I am a strong believer that runners train to race through tough conditions. After all, as one of my favorite race-day posters reads "If it was easy, everyone would do it."
Each race has its own unique circumstances and conditions. Expecting a PR when running into 20mph headwinds is just silly. Expecting that the heat won't affect your race is borderline dangerous, even if you have been training in the heat.
|Treating heat illness|
Our sport glorifies those who push through tough circumstances. After all, if we don't push ourselves beyond our comfort zones, we'll never improve. But there is a fine line between exceptional performance and stupid risk-taking. So...
...in the spirit of full disclosure, I have DNFed, and it's OK.
After training for a year for a triathlon in Encinitas, CA, including many hours of swim workouts, I thought I was ready for anything. Unfortunately on race morning the surf was 8-10 feet with a strong rip current.
I watched the first wave (elites) get dragged 400 yards off course. Still, I got into the water.
I got pummeled and dragged off course by the current. I was not making headway against the surf.
I turned and paddled back in to shore. I had an official cut off my timing chip. I finished the bike and run as a fun run. I won't say I'm proud of my DNF, but I am proud that I was wise enough to know my limits that day.
I also have one race that I DNSed.
Another triathlon was scheduled in the autumn. San Diego had gone more than 180 days without rain. On the day before the race, the heavens opened up, washing 6 months of trash, dog poo, and other unmentionables into the bay.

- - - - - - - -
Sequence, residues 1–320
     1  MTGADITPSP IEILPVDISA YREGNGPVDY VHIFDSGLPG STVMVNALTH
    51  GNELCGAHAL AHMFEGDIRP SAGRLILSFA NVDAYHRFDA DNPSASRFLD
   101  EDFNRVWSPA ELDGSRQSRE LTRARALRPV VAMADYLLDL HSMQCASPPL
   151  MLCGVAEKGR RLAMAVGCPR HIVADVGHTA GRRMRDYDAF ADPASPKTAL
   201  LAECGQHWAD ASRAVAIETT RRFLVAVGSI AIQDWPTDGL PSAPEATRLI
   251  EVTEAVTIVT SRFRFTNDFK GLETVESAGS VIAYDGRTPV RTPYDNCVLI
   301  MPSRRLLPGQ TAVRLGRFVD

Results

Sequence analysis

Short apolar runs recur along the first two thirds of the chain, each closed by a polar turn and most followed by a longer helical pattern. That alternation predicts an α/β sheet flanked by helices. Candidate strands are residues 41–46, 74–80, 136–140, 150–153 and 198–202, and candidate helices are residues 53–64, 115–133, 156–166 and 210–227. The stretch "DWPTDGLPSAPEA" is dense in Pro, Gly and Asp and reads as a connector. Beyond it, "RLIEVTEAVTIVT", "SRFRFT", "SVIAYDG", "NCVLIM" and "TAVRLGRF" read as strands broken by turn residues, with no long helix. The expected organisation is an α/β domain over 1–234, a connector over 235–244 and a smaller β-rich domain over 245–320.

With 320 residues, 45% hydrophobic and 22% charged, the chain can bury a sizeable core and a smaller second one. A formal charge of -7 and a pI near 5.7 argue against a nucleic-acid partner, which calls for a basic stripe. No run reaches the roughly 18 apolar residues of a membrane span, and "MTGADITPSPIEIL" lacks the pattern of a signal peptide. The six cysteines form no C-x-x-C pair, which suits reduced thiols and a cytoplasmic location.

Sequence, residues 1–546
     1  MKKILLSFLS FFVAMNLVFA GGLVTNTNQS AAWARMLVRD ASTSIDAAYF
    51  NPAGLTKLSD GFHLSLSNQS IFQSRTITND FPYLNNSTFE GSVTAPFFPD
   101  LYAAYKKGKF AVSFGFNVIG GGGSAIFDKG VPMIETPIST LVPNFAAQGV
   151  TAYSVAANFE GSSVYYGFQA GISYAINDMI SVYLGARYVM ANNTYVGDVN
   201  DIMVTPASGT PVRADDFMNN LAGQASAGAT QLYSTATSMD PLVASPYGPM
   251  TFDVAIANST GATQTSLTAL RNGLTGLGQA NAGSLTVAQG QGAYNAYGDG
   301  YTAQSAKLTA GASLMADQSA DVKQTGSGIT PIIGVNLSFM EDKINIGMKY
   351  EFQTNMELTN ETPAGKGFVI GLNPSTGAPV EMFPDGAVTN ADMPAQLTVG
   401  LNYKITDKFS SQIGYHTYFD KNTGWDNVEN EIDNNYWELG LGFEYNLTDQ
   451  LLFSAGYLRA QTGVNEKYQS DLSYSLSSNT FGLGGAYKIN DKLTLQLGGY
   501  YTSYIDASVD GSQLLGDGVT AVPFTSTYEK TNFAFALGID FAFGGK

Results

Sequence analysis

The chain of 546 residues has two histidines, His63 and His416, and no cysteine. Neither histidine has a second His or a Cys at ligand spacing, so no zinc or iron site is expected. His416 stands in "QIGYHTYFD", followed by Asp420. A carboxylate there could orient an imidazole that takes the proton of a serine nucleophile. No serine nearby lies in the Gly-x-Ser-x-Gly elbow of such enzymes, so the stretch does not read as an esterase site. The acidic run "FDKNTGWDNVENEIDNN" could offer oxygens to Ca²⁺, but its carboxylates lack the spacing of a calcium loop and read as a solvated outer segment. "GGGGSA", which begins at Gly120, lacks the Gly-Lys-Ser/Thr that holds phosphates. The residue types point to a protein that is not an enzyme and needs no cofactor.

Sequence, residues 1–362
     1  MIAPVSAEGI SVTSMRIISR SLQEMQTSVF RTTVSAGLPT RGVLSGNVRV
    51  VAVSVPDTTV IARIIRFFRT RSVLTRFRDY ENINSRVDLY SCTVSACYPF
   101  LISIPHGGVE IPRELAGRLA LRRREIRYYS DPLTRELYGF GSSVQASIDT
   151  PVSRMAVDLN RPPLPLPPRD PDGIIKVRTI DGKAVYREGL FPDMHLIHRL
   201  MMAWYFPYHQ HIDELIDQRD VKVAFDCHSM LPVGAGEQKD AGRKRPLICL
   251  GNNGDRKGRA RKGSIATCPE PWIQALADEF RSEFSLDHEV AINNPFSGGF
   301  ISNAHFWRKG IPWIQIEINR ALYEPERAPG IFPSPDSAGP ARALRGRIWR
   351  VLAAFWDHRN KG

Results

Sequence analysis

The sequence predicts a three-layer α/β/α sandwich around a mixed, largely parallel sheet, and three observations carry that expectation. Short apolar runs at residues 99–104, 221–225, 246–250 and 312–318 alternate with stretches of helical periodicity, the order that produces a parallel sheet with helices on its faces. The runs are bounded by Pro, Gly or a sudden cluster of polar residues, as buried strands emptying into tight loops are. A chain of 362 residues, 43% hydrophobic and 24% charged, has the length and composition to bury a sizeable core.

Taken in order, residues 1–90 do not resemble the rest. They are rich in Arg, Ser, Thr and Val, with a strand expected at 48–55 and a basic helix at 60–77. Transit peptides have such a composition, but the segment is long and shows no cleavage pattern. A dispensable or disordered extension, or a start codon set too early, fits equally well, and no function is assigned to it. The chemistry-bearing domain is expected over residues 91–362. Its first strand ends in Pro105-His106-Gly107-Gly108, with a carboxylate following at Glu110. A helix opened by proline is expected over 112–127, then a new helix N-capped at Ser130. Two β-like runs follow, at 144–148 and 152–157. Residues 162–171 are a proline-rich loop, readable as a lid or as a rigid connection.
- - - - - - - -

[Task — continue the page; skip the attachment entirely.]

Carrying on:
While the County had officially closed all waters to swimming, the race organizers chose not to turn the race into a duathlon. The swim was on, despite all health regulations to the contrary.
I was not getting in that water.
I slept in.
Reading reports of sinus infections, sore throats, and other post-race ailments, I've never regretted the decision to not start that race.
And heat is my enemy in any race.
Northwest Florida is warm all the time.
When I run, it's hot outside.
My body, theoretically, is used to this.
Still, in this morning's half marathon, I suffered from heat illness. While I have no formal diagnosis, I can say that at about mile 11 I noticed I had stopped sweating (despite consuming two full bottles of water).
I threw in the towel and walked.
This wasn't a wussy move on my part. I knew the symptoms and made a calculated decision. And, it turns out, my on-the-fly diagnosis was pretty accurate. I took my temperature an hour after the race - 100 degrees - and that was after soaking in a cold bath.
So, the moral of this story is: if you are running in the heat, keep these symptoms in mind (from Medlineplus.gov):
- Heatstroke - a life-threatening illness in which body temperature may rise above 106° F in minutes; symptoms include dry skin, rapid, strong pulse and dizziness
- Heat exhaustion - an illness that can precede heatstroke; symptoms include heavy sweating, rapid breathing and a fast, weak pulse
- Heat cramps - muscle pains or spasms that happen during heavy exercise
- Heat rash - skin irritation from excessive sweating
Be safe, friends!
Have you ever DNSed or DNFed a race?